Graceland's Serinda Swan discusses equal pay and sex trafficking
Serinda Swan spent Season 2 of Graceland with her character going undercover in a sex trafficking operation. But the story was closer to Swan's heart than you ever may have guessed.
In fact, it was her idea to incorporate the story line into the show based on her philanthropic work helping sex trafficking victims in Cambodia.
"The entire season, Paige's voice was my voice," Swan explained, and she was rallying for the women and children who have experienced what very few of us in the United States even care to think about.
"The journey of it all was the most phenomenal journey I've had so far as an actor," Swan said of her sex trafficking story line for her character Paige. She championed the idea and said producers and execs at USA Network couldn't have been more on board about including the arc.
Swan said the most rewarding part about the whole experience was the conversations it started on platforms like social media. And "her girls" as she calls them, in Cambodia that have survived the horrors of sex trafficking, felt like they were a part of something bigger.
It is a cause Swan champions that has nothing to do with making herself look good.
Swan looks at it with a big-picture mind. "What is it that society is going to gain from you living out your dream, living out yourself?" the actress told us. "And I feel we all have an idea of who we are or a guttural gift we can give. I always kind of correlate it with a flower. A rose doesn't bloom for itself. It blooms because that's its process. That's what it has to do. It doesn't think about sharing its beauty or its scent. It doesn't think about that."
She continued, "How do I allow what it is I truly love to do and not make it seem something selfish? How do I find validity in that where I'm like, this is something that actually makes a difference. As an actor, it's one of the most aggressively narcissistic industries if you're not careful."
But for Swan, "My legacy without philanthropy is overpriced popcorn and maybe a couple of laughs or a cry."
But what Swan is doing isn't charity. In fact, she doesn't even like the word.
And the Canadian-born actress' explanation why is spot-on. "Based on the voice that I was given at birth. Based on the education I was given by right. Based on everything that I possibly could be denied if I was born anywhere else. Anything that I was just given as a birthright in Canada. How could I possibly call charity by offering that to another? That's not charity. That's equality. And my problem is that we can be wrapping equality up in a charity word."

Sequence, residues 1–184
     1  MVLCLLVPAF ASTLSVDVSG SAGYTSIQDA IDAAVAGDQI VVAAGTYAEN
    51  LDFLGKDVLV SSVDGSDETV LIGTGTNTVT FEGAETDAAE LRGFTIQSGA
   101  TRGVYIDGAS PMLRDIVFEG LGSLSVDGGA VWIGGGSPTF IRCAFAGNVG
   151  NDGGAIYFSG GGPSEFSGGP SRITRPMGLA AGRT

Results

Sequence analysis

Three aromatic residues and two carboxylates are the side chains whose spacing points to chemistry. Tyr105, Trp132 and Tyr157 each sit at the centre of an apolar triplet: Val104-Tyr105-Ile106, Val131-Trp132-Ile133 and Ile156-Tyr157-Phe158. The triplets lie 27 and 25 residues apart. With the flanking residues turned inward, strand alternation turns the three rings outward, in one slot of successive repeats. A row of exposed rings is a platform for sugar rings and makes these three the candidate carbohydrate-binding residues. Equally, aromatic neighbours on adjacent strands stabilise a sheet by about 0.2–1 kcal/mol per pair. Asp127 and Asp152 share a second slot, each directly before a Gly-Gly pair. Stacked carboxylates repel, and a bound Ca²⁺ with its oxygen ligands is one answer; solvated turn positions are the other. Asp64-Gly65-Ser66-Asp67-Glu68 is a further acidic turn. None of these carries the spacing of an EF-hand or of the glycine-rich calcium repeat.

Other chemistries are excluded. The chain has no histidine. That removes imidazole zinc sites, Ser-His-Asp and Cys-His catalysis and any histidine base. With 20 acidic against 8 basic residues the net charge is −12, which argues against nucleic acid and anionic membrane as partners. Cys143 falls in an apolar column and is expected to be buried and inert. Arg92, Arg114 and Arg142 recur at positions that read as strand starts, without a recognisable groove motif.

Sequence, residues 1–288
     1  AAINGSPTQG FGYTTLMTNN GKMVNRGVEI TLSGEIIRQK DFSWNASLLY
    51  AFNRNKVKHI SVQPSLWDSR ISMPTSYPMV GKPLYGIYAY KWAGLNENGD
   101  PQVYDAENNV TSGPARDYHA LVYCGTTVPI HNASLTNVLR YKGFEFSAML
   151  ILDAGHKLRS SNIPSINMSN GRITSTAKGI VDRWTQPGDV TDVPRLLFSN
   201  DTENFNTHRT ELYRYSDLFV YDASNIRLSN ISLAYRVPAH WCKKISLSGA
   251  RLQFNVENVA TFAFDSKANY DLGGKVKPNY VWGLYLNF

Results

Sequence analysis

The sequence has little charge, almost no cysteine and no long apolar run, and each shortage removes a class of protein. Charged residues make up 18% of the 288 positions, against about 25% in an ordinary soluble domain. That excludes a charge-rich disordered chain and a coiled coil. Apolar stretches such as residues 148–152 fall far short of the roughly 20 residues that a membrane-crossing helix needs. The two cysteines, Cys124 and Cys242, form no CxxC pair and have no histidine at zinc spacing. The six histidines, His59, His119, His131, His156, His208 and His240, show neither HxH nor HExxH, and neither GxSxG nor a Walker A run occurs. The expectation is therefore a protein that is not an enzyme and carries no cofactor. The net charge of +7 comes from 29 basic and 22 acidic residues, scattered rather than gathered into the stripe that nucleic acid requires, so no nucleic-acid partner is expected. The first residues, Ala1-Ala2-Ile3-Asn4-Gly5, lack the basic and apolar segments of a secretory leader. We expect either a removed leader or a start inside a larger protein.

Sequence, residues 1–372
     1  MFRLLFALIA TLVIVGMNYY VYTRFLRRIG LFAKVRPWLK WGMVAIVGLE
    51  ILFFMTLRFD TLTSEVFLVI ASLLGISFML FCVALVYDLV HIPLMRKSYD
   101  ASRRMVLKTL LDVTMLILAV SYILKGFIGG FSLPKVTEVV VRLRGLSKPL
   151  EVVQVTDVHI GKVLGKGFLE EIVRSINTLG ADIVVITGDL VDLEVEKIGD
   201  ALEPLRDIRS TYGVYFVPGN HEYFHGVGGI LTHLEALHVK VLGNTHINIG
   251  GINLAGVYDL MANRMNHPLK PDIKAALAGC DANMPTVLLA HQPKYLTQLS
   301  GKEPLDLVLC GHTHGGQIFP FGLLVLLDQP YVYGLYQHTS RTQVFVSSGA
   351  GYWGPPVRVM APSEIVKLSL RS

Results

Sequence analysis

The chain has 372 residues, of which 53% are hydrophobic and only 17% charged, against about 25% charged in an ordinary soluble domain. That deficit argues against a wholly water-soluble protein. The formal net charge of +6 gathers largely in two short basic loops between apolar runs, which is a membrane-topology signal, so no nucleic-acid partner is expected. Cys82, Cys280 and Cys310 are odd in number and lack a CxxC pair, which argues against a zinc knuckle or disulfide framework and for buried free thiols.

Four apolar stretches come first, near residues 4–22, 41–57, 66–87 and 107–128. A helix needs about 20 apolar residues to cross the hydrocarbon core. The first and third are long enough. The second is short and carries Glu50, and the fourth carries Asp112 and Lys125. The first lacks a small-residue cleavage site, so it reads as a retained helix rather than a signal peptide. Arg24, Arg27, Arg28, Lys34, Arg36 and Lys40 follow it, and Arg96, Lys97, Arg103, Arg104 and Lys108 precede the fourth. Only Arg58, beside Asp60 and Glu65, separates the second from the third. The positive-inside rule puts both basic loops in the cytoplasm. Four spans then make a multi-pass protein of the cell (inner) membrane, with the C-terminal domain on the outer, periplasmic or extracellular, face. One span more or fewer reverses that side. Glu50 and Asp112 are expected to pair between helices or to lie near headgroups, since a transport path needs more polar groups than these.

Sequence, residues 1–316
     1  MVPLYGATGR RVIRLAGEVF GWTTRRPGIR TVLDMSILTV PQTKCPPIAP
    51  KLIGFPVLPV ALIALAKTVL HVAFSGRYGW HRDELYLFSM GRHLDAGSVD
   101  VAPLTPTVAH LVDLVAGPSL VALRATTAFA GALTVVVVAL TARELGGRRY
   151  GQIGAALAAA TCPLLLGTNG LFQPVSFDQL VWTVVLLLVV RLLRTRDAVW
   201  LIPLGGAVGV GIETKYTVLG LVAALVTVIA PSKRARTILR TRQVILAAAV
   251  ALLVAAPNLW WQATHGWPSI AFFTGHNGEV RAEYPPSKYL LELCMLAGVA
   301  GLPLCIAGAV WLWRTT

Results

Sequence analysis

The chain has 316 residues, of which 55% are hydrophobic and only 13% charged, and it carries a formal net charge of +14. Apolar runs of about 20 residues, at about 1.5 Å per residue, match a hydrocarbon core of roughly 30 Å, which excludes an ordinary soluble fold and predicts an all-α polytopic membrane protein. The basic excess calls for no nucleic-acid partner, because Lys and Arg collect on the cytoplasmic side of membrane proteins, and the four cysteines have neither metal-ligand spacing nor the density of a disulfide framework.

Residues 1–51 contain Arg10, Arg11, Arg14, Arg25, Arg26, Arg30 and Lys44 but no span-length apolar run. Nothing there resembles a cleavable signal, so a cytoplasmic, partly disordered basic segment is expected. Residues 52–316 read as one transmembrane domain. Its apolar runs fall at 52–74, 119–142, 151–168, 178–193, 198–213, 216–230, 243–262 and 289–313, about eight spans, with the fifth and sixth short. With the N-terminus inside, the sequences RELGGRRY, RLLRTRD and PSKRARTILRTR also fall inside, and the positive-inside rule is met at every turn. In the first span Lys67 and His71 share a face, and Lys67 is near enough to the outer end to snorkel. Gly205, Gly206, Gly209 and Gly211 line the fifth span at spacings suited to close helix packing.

As for how others can find the passion and purpose she's discovered, Swan thinks it will come to you in a "the universe provides" kind of way.
Her work with sex trafficking was "something that just smacked me in the face."
For her, it was a documentary about sex trafficking that drew her into the cause and made her realize she had to make a difference.
"We have a war on drugs. But we're failing to see the war on the female body," Swan said.
Drug trafficking is the No. 1 crime, but Swan said sex trafficking is the second.
She put it into perspective perfectly. "If there was a disease that was claiming 1.2 million women and children every year and it was killing them within three years, would cause them to have some of the most dysfunctional lives in the world and not be able to regain socially, we would have marathons and telethons and jogathons. Basically, there would be a lot of 'athons' going on. And you would have these huge campaigns going on for awareness. But because it's a cultural issue, and it's something that's so hidden, it's so uncomfortable to talk about."
Another cause Swan champions is equal pay, and she told us she's definitely experienced it in her career as an actress.
"I've gone into movies where they're like, 'You're second lead' and they've negotiated six people already and they're all guys, and they're like, 'Sorry, we've negotiated all the men's roles and now start doing the girls.'"
Swan had the good sense to turn down the role rather than put herself in the position as subordinate to the men on the project. But she admitted that it's hard when she's still building her career.
"Now my success is for my girls," she explained. "It's for the causes I haven't discovered yet. It's for the people I don't know yet. It's for the voices that I want to somehow champion. And so it makes things better and worse. It makes it better when I have a success. I'm not just celebrating myself."
But Swan admits it's a double-edged sword because she also feels more pressure not to let the people she's championing for down.
Either way, it's about the progress. "There is inequality within human sex trafficking. The inequality is rape rather than pay. It's a very different spectrum, but that doesn't mean we're taking steps back."